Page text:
Mayor Proposes Ban of Massage Parlors

City Ordinance! What a Great Idea!!! *sarcasm*

Today, Mayor David Cicilline proposed a ban on indoor prostitution.  In a letter he wrote to the City council Cicilline proposes an amendment to Section 14-251 of the City Ordinances, which requires that massage parlors and health clubs be licensed by the city Bureau of Licenses.

“Anyone who knowingly permits, offers or receives any person into any place for the purpose of committing any commercial sexual activity would be subject to a $500 fine and/or imprisonment of up to 30 days.
Anyone determined to be a customer shall be found guilty of a violation and subject to a fine of $500 and/or imprisonment of up to 30 days.”

While it is obvious that Mayor Cicilline is trying to jump into the limelight and “save the day” from the Asian massage parlors, there are a few other things that should be looked at in regard to city ordinances.  I am not a lawyer, I am just a filmmaker, but while browsing through the city ordinances, I didn’t see any ordinance that had prison time. Sure I didn’t read them all, (there are a ton about keeping swine in city limits and burying horses), but even in the ones that looked important, those didn’t have any prison time.

Also lets look at the idea that Providence has become a “victim” and over run by spas.  Recently an email was sent to me about Mesa, Arizona.  Mesa is a city outside of Phoenix and about 2 and a half  times the population of Providence.  Providence reports to have 20 spas, and Mesa reports to have 120.  Because of the size difference I would expect Mesa to have 50 spas.  Actually, I take that back.  Prostitution is illegal in Arizona, so I would expect Mesa not to have any spas, never mind having six times the amount that Providence has.  So I guess criminalizing doesn’t work, or at least it isn’t working in Arizona.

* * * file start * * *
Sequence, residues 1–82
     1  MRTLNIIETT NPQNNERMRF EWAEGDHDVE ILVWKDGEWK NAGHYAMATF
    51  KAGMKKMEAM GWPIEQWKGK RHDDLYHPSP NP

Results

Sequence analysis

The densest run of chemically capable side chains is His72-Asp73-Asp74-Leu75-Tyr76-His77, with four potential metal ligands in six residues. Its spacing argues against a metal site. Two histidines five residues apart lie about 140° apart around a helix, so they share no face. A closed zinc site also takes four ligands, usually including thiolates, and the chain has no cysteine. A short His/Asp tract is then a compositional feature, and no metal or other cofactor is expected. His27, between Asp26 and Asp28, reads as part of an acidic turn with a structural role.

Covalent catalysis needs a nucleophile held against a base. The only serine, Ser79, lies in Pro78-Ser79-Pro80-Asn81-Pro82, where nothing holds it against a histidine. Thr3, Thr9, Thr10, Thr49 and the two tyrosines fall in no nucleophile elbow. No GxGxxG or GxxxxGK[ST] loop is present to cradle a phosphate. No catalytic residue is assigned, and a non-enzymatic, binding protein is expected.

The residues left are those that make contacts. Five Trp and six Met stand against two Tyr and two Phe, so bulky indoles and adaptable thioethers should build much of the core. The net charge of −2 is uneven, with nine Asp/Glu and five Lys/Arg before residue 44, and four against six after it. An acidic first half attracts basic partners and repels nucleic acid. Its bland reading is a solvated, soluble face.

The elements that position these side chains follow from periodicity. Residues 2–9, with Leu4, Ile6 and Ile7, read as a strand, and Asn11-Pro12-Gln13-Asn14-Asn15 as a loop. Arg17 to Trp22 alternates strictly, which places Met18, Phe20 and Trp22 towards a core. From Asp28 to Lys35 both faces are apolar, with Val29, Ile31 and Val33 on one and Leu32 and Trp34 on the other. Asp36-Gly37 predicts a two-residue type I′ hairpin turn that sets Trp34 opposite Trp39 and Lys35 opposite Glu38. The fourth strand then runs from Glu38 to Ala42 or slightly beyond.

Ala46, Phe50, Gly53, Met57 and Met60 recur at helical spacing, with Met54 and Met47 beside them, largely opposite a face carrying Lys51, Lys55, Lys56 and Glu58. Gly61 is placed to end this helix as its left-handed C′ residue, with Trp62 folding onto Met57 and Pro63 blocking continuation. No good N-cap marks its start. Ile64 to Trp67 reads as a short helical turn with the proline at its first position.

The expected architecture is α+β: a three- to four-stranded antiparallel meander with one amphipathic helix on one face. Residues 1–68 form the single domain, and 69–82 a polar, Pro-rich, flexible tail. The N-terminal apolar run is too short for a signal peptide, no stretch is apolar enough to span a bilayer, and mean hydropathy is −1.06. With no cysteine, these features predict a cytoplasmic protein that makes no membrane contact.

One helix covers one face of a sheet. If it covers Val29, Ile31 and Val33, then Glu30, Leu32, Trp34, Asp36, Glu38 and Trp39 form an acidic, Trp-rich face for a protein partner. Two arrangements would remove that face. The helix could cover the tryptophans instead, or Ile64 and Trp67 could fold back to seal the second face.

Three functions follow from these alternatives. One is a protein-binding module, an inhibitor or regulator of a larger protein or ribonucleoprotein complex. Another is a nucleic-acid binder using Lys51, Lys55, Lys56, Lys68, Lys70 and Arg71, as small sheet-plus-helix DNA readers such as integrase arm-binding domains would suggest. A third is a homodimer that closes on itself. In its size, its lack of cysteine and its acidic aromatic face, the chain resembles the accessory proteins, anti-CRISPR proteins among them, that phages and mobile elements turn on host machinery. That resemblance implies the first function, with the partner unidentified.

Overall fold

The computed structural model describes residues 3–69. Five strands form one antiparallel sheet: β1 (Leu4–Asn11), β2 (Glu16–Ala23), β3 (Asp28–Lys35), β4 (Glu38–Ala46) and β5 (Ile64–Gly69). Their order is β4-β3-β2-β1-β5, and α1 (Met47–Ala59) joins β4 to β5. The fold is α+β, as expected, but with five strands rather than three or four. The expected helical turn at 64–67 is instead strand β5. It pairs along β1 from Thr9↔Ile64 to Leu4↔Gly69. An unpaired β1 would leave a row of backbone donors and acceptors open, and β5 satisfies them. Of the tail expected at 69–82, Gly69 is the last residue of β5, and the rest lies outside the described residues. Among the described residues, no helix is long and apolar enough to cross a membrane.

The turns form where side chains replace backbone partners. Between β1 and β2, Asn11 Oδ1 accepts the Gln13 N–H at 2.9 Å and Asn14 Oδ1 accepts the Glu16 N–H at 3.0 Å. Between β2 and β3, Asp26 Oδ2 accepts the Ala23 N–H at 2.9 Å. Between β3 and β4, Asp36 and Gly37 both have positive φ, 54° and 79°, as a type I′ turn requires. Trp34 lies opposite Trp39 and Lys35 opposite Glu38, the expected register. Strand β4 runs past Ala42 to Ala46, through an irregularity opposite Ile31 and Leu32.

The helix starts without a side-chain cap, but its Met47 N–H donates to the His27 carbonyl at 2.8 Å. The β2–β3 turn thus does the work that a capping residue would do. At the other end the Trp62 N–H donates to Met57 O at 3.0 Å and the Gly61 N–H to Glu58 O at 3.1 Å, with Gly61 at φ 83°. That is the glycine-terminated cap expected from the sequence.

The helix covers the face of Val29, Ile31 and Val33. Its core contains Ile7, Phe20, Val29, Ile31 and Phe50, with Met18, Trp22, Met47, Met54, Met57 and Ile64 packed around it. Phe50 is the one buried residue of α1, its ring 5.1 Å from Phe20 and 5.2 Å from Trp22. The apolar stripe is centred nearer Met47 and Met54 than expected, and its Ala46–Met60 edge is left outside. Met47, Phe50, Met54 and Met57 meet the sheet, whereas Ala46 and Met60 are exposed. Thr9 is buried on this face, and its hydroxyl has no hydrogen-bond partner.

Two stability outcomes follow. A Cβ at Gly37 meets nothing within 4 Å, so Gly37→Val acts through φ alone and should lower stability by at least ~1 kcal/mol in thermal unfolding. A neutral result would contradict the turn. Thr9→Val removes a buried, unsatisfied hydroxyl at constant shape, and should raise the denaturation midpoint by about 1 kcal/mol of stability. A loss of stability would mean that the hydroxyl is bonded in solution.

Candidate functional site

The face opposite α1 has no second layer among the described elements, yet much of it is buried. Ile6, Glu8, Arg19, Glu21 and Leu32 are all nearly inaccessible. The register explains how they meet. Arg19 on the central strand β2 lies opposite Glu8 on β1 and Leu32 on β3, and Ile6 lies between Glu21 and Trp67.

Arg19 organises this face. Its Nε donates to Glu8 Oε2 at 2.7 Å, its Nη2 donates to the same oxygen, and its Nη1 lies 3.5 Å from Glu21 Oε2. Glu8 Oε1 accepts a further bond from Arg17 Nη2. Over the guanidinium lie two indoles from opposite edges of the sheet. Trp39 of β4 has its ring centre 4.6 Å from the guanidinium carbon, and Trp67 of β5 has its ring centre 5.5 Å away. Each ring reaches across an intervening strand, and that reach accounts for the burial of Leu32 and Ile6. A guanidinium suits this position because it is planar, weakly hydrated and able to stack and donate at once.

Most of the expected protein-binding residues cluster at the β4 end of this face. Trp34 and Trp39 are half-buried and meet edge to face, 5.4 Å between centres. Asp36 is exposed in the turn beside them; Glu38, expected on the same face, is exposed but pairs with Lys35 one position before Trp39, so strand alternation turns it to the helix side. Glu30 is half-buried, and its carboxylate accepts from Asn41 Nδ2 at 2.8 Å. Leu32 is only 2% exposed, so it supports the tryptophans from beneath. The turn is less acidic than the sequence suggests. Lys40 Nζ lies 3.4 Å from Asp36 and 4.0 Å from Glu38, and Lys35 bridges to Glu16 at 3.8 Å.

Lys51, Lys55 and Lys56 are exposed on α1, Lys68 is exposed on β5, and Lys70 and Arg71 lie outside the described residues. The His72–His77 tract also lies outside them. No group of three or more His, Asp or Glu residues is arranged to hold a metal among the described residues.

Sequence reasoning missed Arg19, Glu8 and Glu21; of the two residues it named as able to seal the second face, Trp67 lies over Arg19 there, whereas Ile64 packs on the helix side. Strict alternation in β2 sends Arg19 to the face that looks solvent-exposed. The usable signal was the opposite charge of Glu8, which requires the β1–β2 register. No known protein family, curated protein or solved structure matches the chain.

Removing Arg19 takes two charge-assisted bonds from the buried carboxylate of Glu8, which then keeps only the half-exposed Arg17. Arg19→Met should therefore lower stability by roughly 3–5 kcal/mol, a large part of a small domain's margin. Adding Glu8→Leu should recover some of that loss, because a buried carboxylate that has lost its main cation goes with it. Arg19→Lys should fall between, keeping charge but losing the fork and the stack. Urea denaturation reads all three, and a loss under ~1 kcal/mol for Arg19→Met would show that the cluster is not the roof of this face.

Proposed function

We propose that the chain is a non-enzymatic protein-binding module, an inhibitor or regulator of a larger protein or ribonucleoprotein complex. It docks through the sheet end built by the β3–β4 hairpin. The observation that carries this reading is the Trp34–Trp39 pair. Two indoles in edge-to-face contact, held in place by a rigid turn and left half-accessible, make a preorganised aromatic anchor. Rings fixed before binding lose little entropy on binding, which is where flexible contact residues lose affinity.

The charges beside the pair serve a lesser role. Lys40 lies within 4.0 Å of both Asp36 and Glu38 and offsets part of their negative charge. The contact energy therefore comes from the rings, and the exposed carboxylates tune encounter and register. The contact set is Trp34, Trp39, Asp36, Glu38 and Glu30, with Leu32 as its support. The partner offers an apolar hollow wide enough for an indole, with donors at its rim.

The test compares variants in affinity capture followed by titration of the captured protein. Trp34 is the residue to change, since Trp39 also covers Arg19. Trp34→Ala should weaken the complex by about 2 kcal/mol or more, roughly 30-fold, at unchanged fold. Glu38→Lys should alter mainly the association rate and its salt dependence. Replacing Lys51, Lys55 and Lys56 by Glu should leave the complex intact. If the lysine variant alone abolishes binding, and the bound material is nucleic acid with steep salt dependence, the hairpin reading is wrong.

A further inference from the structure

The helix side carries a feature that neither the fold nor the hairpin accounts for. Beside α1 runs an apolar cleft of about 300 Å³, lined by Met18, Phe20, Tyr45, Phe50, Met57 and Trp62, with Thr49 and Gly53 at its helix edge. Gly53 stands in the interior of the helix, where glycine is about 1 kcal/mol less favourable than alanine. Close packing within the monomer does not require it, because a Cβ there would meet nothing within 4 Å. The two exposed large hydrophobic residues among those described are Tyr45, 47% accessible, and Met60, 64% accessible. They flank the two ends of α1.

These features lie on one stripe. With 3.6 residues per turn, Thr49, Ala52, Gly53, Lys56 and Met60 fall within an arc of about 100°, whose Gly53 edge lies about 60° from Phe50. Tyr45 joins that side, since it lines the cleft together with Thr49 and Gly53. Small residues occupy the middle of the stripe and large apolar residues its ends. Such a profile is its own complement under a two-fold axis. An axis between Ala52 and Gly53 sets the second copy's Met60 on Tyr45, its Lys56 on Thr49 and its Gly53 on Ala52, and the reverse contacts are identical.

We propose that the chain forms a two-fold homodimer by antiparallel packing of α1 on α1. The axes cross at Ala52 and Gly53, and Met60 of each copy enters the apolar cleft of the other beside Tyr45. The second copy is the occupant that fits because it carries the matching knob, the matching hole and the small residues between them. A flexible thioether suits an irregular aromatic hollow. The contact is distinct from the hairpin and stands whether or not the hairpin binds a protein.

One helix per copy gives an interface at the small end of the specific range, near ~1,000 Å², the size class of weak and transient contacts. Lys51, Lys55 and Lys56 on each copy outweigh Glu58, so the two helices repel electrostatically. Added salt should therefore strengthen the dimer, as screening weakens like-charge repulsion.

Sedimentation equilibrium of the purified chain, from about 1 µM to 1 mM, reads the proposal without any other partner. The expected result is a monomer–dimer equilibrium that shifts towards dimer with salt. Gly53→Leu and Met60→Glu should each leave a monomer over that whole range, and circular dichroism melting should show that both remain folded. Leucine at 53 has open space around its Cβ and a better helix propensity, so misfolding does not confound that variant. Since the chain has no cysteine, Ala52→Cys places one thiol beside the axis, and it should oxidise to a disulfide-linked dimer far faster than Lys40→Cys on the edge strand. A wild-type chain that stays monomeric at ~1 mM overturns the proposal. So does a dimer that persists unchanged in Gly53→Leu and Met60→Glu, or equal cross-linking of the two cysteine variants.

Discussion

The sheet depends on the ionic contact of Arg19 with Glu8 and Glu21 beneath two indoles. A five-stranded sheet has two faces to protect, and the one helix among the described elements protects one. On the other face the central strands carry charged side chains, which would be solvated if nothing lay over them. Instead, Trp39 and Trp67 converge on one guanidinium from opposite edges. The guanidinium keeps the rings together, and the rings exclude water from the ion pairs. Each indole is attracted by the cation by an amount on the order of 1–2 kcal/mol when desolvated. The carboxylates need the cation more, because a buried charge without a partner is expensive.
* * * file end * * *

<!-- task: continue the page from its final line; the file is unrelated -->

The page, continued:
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3 responses to “Mayor Proposes Ban of Massage Parlors

  1. Thank you for tracking this — the question I’ve got is, how exactly is “commercial sexual activity” being defined? That’s one of the broadest frames I’ve ever seen in a piece of legislation. It doesn’t specify body parts, genders, ages, nothing.

    Would selling or purchasing pornography count? Viewing nude dance or masturbation shows, or performing the same? Watching two people have sex without touching them? These are all forms of “commercial sexual activity” protected in other legal contexts.

  2. What I found interesting was the comment section for the Mesa article. Not really any pro crackdown comments. Thank you for your efforts Tara. It is incredible that the politicians and the Projo continue a full court press on this matter. The majority of the Projo polls and article comments show most people disagree with the politicians and the Journal editorial staff on this. It gets to the point of be nauseating with the lies being printed and spoken.

  3. Criminalising has never worked – or at least has at most produced temporary changes in behaviour such as bans on loitering in the UK and bans on purchase in Sweden. I often cite Justice Marcia Neave in Australia – the law shaps but does not affect the extent of prostitution

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